South Africa reduces lockdown and is open for tourism
As pandemic-induced restrictions continue to affect travelers around the world, it’s heartening to hear news stories that suggest international travel might be soon making a return. Though such stories are few and far between, one such story has emerged in the past day in the form of South Africa.
Africa’s third most visited nation, South Africa has recently moved to lockdown level 1 – its least severe level of lockdown – and has opened five international airports in the process. Here’s what the level 1 restrictions are, and why travelers might want to consider South Africa for their next trip.
South Africa at Level 1 – What Travelers Should Know
The spread of the “South African” variant of Covid-19 caused panic around the world, leading to heightened travel restrictions for travelers who had visited South Africa, and for other countries where the strain was prominent. However, less than two months after posting its highest daily case figure of 21,980, South Africa has rolled back its own lockdown restrictions.
Speaking in a national address last night, President Cyril Ramaphosa revealed the positive news to the nation, citing the fact that the country had clearly passed its second wave as a result of the strict restrictions and observation of basic health protocols.
The move to level 1 sees South African citizens afforded a greater deal of freedom compared to the level 3 restrictions citizens had to adhere to prior to today. Curfew now runs from midnight until 4AM, whilst the sale of alcohol is permitted once more and gatherings of up to 100 people indoors and 250 people outdoors may now take place. Some restrictions are still in place despite the move to level 1. Nightclubs are still required to be closed, whilst some land border posts will also be closed. Mask wearing is still compulsory, and failure to wear a mask is deemed a criminal offence.
Infection rates in South Africa continue to fall, with fewer than 10,000 infections reported in the past week. The country is also well underway with regards to its vaccination program, vaccinating 67,000 healthcare workers in the past ten days. The country aims to increase its vaccination sites from 17 to 49, as it begins to ramp up the vaccination campaign and return to normality once more.
International Airports To Open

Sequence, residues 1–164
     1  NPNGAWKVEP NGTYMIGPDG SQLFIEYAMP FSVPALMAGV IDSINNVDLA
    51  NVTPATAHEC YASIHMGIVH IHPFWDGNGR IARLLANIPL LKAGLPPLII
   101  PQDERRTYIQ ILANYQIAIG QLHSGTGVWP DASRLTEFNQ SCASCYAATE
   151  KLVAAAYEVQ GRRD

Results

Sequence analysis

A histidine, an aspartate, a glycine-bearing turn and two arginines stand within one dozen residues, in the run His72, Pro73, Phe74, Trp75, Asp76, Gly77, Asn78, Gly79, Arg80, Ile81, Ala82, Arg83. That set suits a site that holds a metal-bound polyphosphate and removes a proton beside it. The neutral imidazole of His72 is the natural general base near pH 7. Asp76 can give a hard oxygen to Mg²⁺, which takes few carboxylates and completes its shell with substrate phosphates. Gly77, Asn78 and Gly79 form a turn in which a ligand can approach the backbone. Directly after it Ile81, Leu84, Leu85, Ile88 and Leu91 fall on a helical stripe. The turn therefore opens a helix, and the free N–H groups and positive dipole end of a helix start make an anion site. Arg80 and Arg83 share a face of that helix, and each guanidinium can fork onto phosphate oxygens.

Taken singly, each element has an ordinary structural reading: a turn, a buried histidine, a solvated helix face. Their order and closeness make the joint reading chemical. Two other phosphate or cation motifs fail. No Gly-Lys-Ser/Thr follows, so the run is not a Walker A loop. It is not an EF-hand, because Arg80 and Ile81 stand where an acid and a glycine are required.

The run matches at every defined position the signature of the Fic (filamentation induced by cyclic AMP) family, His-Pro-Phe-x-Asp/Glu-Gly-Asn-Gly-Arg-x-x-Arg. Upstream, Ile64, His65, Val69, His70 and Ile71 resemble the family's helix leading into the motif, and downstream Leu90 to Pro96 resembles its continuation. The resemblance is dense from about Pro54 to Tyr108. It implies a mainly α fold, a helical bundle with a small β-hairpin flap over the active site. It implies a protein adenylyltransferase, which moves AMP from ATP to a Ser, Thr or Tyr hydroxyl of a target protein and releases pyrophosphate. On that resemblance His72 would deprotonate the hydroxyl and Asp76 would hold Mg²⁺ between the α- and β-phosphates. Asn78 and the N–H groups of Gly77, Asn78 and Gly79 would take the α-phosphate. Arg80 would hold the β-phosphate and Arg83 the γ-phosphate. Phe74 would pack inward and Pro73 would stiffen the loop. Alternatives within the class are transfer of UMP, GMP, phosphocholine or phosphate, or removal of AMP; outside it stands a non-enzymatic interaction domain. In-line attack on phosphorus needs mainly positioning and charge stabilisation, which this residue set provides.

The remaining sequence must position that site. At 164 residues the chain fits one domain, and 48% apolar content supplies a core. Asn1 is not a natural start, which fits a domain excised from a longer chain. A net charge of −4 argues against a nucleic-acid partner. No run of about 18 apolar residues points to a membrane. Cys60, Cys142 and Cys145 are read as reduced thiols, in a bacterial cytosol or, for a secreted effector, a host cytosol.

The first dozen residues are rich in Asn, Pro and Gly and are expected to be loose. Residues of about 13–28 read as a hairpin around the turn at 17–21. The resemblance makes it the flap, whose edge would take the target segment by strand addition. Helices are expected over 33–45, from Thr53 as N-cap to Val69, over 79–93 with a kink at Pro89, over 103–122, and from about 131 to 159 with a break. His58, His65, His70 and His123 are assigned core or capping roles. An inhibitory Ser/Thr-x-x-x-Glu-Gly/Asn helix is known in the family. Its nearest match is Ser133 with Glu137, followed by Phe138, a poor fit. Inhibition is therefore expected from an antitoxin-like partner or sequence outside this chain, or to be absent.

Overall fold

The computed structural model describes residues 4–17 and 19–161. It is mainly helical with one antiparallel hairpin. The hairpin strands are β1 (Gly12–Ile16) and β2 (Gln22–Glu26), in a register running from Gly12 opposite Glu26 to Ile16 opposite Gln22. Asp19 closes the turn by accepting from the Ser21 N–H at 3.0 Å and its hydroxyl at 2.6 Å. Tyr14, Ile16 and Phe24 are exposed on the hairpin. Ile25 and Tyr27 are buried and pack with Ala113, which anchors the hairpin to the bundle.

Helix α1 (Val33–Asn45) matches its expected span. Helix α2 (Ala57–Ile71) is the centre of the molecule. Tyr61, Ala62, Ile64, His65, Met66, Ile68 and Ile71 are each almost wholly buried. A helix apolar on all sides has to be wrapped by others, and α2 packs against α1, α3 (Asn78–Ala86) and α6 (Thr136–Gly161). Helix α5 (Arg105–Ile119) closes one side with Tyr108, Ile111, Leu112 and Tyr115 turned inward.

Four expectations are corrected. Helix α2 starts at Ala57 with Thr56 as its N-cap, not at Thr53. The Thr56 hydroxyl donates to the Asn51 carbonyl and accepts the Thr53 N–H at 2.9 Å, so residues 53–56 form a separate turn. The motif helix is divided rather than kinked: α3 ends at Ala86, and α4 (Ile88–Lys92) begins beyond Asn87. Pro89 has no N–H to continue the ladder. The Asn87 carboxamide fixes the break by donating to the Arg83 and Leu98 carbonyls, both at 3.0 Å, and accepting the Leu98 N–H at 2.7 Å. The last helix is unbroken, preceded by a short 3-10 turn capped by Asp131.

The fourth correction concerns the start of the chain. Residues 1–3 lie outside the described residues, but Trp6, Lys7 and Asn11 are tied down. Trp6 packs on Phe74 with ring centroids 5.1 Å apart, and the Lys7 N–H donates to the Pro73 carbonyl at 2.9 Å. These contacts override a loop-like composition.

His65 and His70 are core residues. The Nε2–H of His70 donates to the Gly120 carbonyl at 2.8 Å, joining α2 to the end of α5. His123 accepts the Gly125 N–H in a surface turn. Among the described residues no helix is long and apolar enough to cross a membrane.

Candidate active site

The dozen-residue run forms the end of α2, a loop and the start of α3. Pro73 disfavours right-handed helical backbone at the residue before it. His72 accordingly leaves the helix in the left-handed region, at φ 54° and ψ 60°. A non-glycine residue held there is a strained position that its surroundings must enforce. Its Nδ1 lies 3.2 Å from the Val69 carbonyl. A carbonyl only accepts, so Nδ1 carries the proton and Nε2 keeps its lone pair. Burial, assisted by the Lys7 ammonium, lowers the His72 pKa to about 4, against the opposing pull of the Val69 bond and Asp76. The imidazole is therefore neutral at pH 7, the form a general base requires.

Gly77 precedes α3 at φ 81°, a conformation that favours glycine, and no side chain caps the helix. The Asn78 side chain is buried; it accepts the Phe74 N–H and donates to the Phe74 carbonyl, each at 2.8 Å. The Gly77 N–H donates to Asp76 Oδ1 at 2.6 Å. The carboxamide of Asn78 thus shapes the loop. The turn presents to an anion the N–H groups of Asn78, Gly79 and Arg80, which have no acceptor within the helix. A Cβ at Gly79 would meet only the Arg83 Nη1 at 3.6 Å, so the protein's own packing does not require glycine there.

Alongside the move to a level 1 lockdown, the country has also reopened five international airports. The airports in question are OR Tambo, Cape Town International, King Shaka, Mpumalanga and Lanseria – the first three of which are the busiest in the country, welcoming in excess of 30,000,000 travelers in a typical year. Cape Town International was awarded the Best Airport In Africa at the 2020 Skytrax World Airport Awards.
South Africa is popular with overseas travelers, with millions visiting the country each year. British travelers make up the bulk of overseas travelers, with 430,000 reported in 2018, whilst American travelers come second with 376,000.
Visiting South Africa – What Travelers Need To Know
Whilst many countries around the world have imposed restrictions on flights coming from South Africa due to fear of the virus variant, South Africa itself is open to tourists. Those wishing to enter the country must provide a negative Covid-19 PCR test certificate that is not older than 72 hours from time of departure. The test must be recognized by the World Health Organization. Failure to submit a certificate will result in the passenger taking an antigen on arrival at their own cost. Should the test come back positive, the passenger will need to self-isolate – at their own cost – for a period of 10 days. There is no mandatory quarantine.
With the country’s stunning beaches, unmissable safari experiences and perspective-altering cultural experiences – not to mention affordability – South Africa is bound to be on countless lists of places people want to visit after the pandemic. Should variant-centered restrictions on travel to South Africa be lifted, the country may yet welcome tourists again once more in the near future.